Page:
This Pākehā Life: An unsettled memoir by Alison Jones (Bridget Williams Books, 2020), 240pp, $39.99
Home is where we start from, to borrow a phrase from the British psychoanalyst D.W. Winnicott, who in turn adapted it from T.S. Eliot’s ‘East Coker’. According to Winnicott, we develop our sense of self in relation to others from earliest infancy. We seek connection, intimacy and reciprocity, and whether we find those vital qualities at home or not plays a determining role in the kind of self that begins there.1 For Eliot, by contrast, home is where we start from, a fixed point of departure. Like the past, home is something we must leave behind, for good or ill, as we inevitably move into an unfamiliar and complicated world to discover ourselves out there. The ambivalence of that departure—a heroic striving or an expulsion?—haunts Eliot’s poem of beginnings and ends, past and present, gains and losses.
I start with home in this way to illustrate that, even when we agree that it shapes us profoundly, home pulls us in different directions and means so many different things. What Alison Jones’ British immigrant parents probably thought of as home was a nation more than 18,000 kilometres from the place they chose to start a new life and raise a family in the 1950s: New Zealand. In the process, Basil and Ruth Jones ensured that the home that Alison and her siblings started from would be very different from their own childhoods (Basil’s in a working-class Newcastle family and Ruth’s in an Essex orphanage, sharply divergent formative experiences that perhaps did not bode well for the couple’s compatibility).
The word ‘unsettled’ in the sub-title of Jones’ challenging and often courageous memoir, This Pākehā Life: An unsettled memoir, deliberately invokes the inescapable history of colonial settlement and dispossession in Aotearoa New Zealand that we all must acknowledge and that provides the connecting thread of Jones’ story. But it also resonates in another sense, especially in the early chapters where Jones recounts a childhood of upheaval and mobility around New Zealand as her father sought relief from his periodic depression in a new job, in a new town, a poignantly futile gesture of hope and desperation that any depressive will recognise. (Jones, however, never speculates that her father’s recurrent depression may also have motivated his migration to New Zealand in the first place.)
Basil Jones’ propensity to uproot and unsettle his family—from Auckland to Blenheim, Dannevirke, Whakatāne, Tauranga—exposes the young Alison to a range of landscapes, neighbourhoods and school environments where she first begins to observe the sharp differences between her own life and that of her Māori peers. She witnesses a way of being in the world that contrasts markedly with ‘the Jones rules’ that favour constraint and privacy over openness and generosity. These early experiences are important staging points in the process of ‘becoming Pākehā’ that is central to the book’s purpose and theme.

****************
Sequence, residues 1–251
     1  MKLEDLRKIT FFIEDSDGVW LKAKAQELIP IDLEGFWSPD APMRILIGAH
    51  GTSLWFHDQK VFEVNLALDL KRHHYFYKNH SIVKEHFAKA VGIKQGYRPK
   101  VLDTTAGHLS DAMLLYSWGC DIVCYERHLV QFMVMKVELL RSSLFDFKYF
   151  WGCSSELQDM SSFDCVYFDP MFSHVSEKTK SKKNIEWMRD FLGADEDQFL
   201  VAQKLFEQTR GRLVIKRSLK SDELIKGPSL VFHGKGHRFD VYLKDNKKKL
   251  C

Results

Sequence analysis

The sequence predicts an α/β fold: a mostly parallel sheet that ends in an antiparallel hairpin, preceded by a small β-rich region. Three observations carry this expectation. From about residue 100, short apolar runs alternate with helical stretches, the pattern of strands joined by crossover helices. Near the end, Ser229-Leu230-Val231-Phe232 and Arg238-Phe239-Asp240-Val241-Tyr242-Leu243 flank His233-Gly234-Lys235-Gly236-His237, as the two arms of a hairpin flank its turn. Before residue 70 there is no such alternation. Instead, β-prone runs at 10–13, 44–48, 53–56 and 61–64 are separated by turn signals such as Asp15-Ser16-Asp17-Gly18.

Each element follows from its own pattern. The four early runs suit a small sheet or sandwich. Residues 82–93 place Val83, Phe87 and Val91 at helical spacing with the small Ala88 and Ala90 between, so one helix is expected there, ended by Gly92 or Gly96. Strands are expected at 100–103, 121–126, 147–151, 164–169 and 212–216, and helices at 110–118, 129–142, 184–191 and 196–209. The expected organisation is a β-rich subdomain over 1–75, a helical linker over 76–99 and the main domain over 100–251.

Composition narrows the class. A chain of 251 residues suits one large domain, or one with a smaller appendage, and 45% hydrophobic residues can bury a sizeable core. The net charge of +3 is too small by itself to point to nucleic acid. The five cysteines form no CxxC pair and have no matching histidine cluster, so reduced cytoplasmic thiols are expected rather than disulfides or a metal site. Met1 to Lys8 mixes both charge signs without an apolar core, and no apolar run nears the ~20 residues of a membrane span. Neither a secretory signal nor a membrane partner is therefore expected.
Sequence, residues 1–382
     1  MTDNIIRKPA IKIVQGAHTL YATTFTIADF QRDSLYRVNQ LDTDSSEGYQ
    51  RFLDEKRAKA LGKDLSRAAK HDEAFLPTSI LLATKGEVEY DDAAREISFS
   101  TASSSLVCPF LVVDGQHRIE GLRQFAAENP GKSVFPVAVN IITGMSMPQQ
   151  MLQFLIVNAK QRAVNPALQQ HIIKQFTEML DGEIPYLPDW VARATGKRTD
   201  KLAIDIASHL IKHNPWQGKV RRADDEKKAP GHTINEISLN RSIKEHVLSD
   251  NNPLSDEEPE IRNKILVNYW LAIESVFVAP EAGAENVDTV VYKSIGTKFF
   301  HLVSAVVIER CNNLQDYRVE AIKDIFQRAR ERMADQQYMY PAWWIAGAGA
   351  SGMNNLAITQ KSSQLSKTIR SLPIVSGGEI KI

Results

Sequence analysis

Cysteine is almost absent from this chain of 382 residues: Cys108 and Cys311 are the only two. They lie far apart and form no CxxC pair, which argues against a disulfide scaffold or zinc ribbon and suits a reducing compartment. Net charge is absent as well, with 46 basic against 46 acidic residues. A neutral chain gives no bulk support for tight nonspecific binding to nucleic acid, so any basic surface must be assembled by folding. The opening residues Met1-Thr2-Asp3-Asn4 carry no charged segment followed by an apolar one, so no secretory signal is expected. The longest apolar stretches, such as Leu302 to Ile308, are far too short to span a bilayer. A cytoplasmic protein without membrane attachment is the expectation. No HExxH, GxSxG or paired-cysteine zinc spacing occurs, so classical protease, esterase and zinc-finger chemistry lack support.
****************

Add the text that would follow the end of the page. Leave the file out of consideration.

Jones insists her memoir is not an examination of what it means to be Pākehā (‘a slippery eel of a word,’ she wryly notes) but of becoming Pākehā, because Pākehā is always a relational term, never a received identity or a simple box-ticking exercise. It can only be understood in relation to both Māori knowledge and history, premised as it is on engagement between Māori and non-Māori: ‘it requires and nurtures a doubled being: a sense of shared humanity with Māori as well as a deep sense of otherness, of the unknown and the unknowable’ that provokes a fundamental, if generative, tension. Above all, ‘becoming Pākehā’ is a process that unfolds through relationships with others over time, neither linear nor uni-directional but ‘contingent, fluid, and always on the move’.
Little more than halfway through the book, following detailed accounts of her political apprenticeship in a range of causes beginning in her student days, Jones tells the reader that, as a young adult, she ‘now claimed [the term Pākehā] proudly for myself’:
I felt a solid sense of arrival in taking up that name and identity; that word anchored me in this part of the globe, in a permanent and necessary relationship with the indigenous people—even if I was not yet sure what that relationship might be.
Jones writes movingly about friendships with Māori wāhine that developed through her political activism as well as the fieldwork relating to her academic research in Māori education, and lays bare her own mis-steps and misunderstandings before sustaining connections could be forged. She is also courageous in revisiting childhood friends, a process that uncovers false or misattributed memories that she had always understood as foreshadowing her increasing engagement with te ao Māori. Of one friend, Maria, she acknowledges, ‘All my adult life, I had traced my interest in Māori back to Maria … She was a fantasy of my own life story, making Dannevirke the place where my memories started’.